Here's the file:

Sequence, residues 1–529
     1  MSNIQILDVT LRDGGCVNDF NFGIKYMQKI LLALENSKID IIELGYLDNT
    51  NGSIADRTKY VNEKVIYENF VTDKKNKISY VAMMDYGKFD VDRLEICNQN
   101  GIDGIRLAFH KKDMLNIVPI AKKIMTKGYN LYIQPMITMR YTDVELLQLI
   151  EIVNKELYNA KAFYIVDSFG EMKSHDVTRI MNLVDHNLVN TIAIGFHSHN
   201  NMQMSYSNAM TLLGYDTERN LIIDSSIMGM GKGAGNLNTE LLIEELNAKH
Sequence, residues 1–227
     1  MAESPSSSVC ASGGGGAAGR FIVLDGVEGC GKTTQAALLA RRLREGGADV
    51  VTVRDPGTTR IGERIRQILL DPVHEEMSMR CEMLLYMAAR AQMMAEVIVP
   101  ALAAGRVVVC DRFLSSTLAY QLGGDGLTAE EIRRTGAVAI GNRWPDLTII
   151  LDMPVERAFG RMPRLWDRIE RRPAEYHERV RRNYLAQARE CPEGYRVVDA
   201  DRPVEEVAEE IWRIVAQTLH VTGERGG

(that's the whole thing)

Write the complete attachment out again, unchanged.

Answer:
Sequence, residues 1–529
     1  MSNIQILDVT LRDGGCVNDF NFGIKYMQKI LLALENSKID IIELGYLDNT
    51  NGSIADRTKY VNEKVIYENF VTDKKNKISY VAMMDYGKFD VDRLEICNQN
   101  GIDGIRLAFH KKDMLNIVPI AKKIMTKGYN LYIQPMITMR YTDVELLQLI
   151  EIVNKELYNA KAFYIVDSFG EMKSHDVTRI MNLVDHNLVN TIAIGFHSHN
   201  NMQMSYSNAM TLLGYDTERN LIIDSSIMGM GKGAGNLNTE LLIEELNAKH
Sequence, residues 1–227
     1  MAESPSSSVC ASGGGGAAGR FIVLDGVEGC GKTTQAALLA RRLREGGADV
    51  VTVRDPGTTR IGERIRQILL DPVHEEMSMR CEMLLYMAAR AQMMAEVIVP
   101  ALAAGRVVVC DRFLSSTLAY QLGGDGLTAE EIRRTGAVAI GNRWPDLTII
   151  LDMPVERAFG RMPRLWDRIE RRPAEYHERV RRNYLAQARE CPEGYRVVDA
   201  DRPVEEVAEE IWRIVAQTLH VTGERGG